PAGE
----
“Creating hope Through Action”

Today Guyana joins the rest of the world to observe World Suicide Prevention Day themed “Creating hope Through Action”.
Globally, an estimated 703,000 die by suicide. According to the World Health Orginsation (WHO) for every suicide, there are likely 20 other people making a suicide attempt and many more have serious thoughts of suicide. WHO has said that millions of people suffer intense grief or are otherwise profoundly impacted by suicidal behaviours.
This year’s theme, “Creating hope through action,” is intent to reflects the need for collective, action to address this urgent public health issue, PAHO has said.
“All of us- family members, friends, co-workers, community members, educators, religious leaders, healthcare professionals, political officials and governments- can take action to prevent suicide in the Region,” PAHO has stated in its 2022 message.
Suicide is a mental health problem, often precipitated by one catalysing factor at a moment’s impulse. This global phenomenon is a scourge affecting every nation of the world.
However, suicide is preventable, and education through generally interactive counselling sessions — especially in schools, churches and at various youth fora; as well as easily-accessible helplines that could provide timely interventions by way of a conduit, a compassionate listening ear, and provision of advice based on rational reasoning for revealing bad experiences and expressing negative emotions, especially impersonal ones — can serve to reduce the crippling pain to bearable levels, and enable rational thought that diffuses intentions of self-destruction
In a national context, there needs to be a more holistic approach involving multi-sectoral agencies, especially in the health, education, and social services sectors.
A more comprehensive suicide prevention strategy is imperative to curb and eventually eliminate this scourge from society.
According to the WHO, experiencing conflict, disaster, violence, abuse or loss, and a sense of isolation is strongly associated with suicidal behaviour. Suicide rates are also high among vulnerable groups who experience discrimination, such as refugees and migrants; indigenous peoples; lesbian, gay, bisexual, transgender, intersex (LGBTI) persons. By far, the strongest risk factor for suicide is a previous suicide attempt.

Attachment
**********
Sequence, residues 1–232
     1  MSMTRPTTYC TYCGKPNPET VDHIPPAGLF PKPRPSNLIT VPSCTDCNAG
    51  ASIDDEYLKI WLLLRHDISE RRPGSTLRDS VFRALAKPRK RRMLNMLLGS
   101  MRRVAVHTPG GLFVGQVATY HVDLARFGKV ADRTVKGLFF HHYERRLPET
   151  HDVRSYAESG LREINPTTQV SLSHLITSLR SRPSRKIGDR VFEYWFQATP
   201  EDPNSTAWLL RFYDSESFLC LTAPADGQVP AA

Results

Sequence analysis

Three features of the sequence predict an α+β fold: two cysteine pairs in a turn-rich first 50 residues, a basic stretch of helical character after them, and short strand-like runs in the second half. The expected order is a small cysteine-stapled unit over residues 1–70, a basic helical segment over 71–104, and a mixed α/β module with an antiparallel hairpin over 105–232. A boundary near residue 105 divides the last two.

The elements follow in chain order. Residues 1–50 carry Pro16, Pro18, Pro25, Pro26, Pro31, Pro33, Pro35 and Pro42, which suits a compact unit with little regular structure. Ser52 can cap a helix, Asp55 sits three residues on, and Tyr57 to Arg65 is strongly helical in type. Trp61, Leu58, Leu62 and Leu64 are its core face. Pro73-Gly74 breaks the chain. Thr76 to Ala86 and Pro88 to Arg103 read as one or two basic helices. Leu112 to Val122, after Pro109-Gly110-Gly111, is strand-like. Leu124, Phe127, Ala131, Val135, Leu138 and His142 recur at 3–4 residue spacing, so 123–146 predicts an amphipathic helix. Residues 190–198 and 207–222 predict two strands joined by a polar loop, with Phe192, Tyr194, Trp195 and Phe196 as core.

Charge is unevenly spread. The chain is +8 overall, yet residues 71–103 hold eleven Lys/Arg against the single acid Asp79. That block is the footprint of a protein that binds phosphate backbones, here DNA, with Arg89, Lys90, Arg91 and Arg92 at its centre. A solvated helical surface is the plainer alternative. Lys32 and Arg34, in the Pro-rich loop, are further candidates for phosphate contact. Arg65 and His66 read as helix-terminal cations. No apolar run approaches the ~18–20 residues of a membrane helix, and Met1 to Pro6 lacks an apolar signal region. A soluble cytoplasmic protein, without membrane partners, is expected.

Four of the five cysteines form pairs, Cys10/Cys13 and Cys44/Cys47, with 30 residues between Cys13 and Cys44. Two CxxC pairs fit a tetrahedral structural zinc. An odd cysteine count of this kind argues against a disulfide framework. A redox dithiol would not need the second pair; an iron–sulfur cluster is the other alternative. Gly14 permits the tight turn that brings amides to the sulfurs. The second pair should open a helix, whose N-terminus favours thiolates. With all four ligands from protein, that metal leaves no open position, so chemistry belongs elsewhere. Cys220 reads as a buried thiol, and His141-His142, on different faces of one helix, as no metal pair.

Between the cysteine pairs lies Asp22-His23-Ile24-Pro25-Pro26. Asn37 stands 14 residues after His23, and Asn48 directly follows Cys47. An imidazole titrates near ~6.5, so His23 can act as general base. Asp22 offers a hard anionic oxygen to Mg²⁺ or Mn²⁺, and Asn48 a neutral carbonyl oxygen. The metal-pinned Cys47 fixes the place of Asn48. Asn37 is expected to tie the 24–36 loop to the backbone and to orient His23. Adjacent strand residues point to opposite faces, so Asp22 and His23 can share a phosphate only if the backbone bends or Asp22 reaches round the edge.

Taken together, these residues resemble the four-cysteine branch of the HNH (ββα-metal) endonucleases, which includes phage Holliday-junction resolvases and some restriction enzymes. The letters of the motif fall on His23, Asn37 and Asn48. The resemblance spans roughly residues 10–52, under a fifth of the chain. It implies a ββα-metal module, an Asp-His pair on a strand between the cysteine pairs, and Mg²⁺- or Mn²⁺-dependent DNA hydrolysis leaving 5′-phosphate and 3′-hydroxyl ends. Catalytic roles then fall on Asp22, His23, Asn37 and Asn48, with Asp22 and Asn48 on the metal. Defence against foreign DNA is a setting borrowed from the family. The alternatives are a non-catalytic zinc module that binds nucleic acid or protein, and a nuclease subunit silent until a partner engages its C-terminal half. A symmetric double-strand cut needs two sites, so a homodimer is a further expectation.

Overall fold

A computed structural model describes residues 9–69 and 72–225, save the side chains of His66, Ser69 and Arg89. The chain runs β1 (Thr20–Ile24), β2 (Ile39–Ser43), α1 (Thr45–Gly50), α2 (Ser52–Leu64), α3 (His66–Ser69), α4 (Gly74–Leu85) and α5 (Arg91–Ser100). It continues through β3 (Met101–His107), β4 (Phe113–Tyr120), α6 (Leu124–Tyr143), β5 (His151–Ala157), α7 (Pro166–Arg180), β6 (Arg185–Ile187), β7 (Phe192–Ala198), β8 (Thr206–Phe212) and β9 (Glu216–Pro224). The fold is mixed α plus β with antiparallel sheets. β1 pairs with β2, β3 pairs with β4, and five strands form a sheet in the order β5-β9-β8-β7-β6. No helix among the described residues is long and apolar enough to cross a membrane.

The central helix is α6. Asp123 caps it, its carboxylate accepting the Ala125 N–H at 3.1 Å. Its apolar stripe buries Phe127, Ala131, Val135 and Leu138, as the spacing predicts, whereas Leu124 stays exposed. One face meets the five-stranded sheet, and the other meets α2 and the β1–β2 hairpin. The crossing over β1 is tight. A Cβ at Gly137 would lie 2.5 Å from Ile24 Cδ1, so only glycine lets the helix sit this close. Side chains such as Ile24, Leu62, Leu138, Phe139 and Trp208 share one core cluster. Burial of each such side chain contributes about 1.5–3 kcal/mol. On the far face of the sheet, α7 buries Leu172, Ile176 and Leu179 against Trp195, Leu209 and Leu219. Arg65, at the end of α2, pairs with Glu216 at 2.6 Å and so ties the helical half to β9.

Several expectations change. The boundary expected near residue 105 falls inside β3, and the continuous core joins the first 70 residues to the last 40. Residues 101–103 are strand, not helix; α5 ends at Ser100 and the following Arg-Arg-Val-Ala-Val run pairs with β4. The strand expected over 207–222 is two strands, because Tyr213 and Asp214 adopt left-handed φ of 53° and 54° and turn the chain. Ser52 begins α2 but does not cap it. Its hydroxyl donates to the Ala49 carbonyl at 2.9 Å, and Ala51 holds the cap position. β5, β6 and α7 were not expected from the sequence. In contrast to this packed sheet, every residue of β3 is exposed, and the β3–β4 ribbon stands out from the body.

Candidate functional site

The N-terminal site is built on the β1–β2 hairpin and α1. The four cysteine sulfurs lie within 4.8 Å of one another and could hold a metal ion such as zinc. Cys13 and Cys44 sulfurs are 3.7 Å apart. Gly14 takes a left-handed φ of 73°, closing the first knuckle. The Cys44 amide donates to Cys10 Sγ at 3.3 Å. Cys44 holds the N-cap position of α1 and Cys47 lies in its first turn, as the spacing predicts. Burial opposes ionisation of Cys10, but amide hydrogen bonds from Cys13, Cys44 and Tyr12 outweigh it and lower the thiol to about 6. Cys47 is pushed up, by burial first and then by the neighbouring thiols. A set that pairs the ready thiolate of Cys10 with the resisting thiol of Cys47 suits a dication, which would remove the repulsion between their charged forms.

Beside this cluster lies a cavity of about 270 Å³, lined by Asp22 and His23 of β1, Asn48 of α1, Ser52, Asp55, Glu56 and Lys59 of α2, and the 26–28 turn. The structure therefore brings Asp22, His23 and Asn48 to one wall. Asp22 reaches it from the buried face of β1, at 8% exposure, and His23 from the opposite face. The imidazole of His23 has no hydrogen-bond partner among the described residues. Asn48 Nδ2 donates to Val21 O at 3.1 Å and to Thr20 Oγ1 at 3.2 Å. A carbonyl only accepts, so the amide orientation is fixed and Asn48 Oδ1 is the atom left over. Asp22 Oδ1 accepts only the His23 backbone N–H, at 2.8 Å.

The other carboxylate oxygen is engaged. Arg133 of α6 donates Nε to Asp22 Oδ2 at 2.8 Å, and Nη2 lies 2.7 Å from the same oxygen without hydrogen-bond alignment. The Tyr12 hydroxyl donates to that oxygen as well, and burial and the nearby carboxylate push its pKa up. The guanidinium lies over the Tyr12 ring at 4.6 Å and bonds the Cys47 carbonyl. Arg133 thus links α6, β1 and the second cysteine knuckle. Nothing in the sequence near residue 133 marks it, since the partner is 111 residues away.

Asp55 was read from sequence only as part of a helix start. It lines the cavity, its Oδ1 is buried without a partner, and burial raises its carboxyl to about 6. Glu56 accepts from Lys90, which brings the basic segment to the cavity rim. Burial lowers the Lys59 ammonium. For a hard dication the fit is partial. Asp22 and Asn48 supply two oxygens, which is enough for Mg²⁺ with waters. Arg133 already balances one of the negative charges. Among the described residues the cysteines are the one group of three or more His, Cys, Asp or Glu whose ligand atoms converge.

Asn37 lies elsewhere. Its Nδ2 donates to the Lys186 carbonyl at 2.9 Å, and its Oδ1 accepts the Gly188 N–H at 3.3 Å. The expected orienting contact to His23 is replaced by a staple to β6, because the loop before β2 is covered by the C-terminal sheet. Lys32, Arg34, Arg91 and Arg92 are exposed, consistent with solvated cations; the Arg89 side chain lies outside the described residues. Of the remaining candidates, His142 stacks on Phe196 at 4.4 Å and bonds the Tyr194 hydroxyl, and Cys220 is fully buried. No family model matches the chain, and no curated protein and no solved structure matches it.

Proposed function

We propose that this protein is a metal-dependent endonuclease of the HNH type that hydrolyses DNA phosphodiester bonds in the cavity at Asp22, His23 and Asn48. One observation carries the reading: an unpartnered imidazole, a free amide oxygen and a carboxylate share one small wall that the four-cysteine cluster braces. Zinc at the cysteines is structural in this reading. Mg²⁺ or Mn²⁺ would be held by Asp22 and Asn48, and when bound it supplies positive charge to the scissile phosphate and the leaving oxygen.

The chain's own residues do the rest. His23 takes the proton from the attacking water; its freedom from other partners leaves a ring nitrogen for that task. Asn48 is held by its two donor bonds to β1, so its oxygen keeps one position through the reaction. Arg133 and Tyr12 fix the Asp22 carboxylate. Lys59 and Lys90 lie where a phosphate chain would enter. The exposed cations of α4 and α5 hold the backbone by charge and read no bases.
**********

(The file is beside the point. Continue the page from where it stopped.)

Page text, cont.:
Suicide became a noticeable issue from the beginning of Indian Indentureship, when the rate of suicide rose from approximately 6/100,000 in the North India districts from which they were brought by a factor of one hundred times. While suicide is an observed phenomenon in all social groups, in Guyana, Indian-Guyanese remain the main victims, with their rates almost 10 times the next closest ethnic group. In 2001, the Ministry of Health declared suicide as a Public Health issue, and launched several initiatives within a “National Suicide Prevention Strategy” to deal with it. The then Minister of Health, Leslie Ramsammy, indicated that the programme would be coordinated by the Ministry of Health; would involve the Ministry of Labour, Human Services and Social Security, the Education Ministry and the Ministry of Culture, Youth and Sports.
In 2009 a very grassroots-oriented “Gateskeeper Programme” was launched to train individuals in communities to be aware of signs of suicide risks, and to make interventions with the aim of directing the identified persons to professionals. He also mentioned that UG had introduced a three-year Master’s Programme in Mental Health to produce specialists for treating mental illness, of which suicide is deemed a subset. Since then, there have been other interventions, but the suicide rate rose inexorably to the 2012 high, from where it has not budged significantly.
In 2012, the WHO had issued a desiderata as to what ought to be done by the authorities, which bears repetition: “We need to (1) continue to research suicide and non-fatal suicidal behaviour, addressing both risk and protective factors; (2) develop and implement awareness campaigns with the aim of increasing awareness of suicidal behaviours in the community, incorporating evidence on both risk and protective factors (3) target our efforts not only to reduce risk factors, but also to strengthen protective factors, especially in childhood and adolescence; (4) train health care professionals to better understand evidence-based risk and protective factors associated with suicidal behaviour (5) combine primary, secondary and tertiary prevention (6) increase use of and adherence to treatments shown to be effective in treating diverse conditions; and to prioritise research into effectiveness of treatments aimed at reducing self-harm and suicide risk (7) increase the availability of mental health resources, and to reduce barriers to accessing care (8) disseminate research evidence about suicide prevention to policy makers at international, national and local levels (9) reduce stigma and promote mental health literacy among the general population and health care professionals (10) reach people who don’t seek help, and hence don’t receive treatment when they are in need of it (11) ensure sustained funding for suicide research and prevention (12) influence governments to develop suicide prevention strategies for all countries, and to support the implementation of those strategies that have been demonstrated to save lives.”
While we are still battling the COVID-19 pandemic, which have stretched our human and material resources, we cannot afford to let up on the fight against suicide. Even one life lost to suicide is one too many. A listening ear and rational advice proffered in a non-judgmental way can prevent many disturbed persons from taking their own lives. Each suicidal death is a public health issue.